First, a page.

The group has issued financial guarantees in favour of the DMR in respect of its environmental rehabilitation and decommissioning obligations to the value of R2.8 billion (2015: R2.3 billion). Included in this amount are financial guarantees for the environmental rehabilitation and decommissioning obligations of the group in respect of Thabazimbi mine of R438 million (2015: R438 million). AMSA has guaranteed R429 million of this amount by means of bank guarantees issued in favour of SIOC.

As a result of the annual revision of closure costs a further shortfall of R311 million arose. Guarantees for the shortfall will be issued in due course. AMSA has guaranteed R300 million of this amount by means of bank guarantees issued in favour of SIOC.



21.4% undivided share of the Sishen mine mineral rights

In October 2016, the DMR granted the residual 21.4% undivided share of the mining right for the Sishen mine to Kumba’s subsidiary, SIOC following the completion of an internal appeal process, as prescribed by section 96 of the MPRDA.

As a result of the grant of the residual 21.4% undivided share, SIOC is now the sole and exclusive holder of the right to mine iron ore and quartzite at the Sishen mine. This residual mining right will be incorporated into the 78.6% Sishen mining right that SIOC successfully converted in 2009.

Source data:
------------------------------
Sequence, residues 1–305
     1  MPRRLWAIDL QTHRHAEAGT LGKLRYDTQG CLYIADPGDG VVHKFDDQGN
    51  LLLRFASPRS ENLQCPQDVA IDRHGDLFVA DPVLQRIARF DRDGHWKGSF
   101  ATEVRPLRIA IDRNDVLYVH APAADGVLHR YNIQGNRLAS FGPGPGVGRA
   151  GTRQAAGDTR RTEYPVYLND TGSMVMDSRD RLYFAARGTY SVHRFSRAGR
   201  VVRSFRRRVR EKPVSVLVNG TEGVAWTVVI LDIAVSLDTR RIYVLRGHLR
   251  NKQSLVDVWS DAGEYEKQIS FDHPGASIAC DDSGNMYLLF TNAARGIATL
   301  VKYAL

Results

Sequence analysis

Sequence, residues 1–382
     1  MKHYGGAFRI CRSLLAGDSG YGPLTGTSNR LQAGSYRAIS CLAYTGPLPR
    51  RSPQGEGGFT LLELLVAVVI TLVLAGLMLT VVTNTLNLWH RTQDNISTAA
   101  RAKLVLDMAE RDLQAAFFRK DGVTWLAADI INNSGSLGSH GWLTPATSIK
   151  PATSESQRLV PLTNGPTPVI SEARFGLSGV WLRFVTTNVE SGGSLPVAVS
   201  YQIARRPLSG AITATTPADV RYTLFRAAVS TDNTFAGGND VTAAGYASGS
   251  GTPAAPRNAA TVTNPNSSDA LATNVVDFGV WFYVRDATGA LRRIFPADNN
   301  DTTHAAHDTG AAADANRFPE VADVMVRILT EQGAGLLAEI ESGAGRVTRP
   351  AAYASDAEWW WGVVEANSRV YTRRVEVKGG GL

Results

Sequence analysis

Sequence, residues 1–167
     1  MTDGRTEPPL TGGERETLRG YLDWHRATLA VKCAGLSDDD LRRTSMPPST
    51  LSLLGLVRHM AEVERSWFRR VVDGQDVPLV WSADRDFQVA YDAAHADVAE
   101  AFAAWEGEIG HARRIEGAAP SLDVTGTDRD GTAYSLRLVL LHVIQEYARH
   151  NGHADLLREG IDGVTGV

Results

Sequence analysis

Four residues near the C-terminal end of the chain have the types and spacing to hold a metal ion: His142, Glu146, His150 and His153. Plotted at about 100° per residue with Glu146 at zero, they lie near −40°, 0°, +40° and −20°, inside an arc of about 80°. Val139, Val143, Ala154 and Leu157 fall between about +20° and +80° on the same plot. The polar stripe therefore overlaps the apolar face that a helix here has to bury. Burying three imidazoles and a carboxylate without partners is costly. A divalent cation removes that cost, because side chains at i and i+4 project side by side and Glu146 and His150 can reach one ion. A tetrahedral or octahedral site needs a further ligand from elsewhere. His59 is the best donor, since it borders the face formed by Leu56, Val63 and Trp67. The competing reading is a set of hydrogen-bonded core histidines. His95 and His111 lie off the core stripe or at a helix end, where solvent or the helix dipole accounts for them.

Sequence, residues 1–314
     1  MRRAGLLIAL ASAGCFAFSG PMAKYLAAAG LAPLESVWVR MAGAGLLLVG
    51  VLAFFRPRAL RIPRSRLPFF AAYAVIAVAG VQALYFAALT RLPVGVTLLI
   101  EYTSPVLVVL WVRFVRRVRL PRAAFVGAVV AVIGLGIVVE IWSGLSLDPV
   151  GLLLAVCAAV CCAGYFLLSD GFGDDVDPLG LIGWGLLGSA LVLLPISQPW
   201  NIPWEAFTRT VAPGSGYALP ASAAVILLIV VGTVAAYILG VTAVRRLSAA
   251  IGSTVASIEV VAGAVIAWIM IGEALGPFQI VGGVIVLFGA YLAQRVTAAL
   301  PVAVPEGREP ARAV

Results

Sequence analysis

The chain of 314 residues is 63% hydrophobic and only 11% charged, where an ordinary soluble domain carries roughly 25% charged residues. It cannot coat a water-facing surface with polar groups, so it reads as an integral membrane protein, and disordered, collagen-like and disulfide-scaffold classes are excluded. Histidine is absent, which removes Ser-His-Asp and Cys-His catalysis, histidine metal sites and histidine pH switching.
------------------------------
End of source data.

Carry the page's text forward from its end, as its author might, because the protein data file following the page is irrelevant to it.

The consent to amend SIOC’s mining right, by the inclusion of the residual 21.4% undivided share, is subject to various conditions. The conditions, where applicable, will ultimately form part of the conditions to the Sishen mining right. These include the requirement for the continuation of the existing Export Parity Price (EPP) based supply agreement between SIOC and AMSA in its role as a strategic South African steel producer, as well as SIOC’s continued support of skills development, research and development and initiatives to enable preferential procurement.


Mining Charter

Significant uncertainty remains around the draft Mining Charter III process which may impact future empowerment of mining companies and granting of new mining rights. The Chamber of Mines is actively engaging in order to obtain greater clarity as to the future requirements and Kumba continues to closely monitor these developments.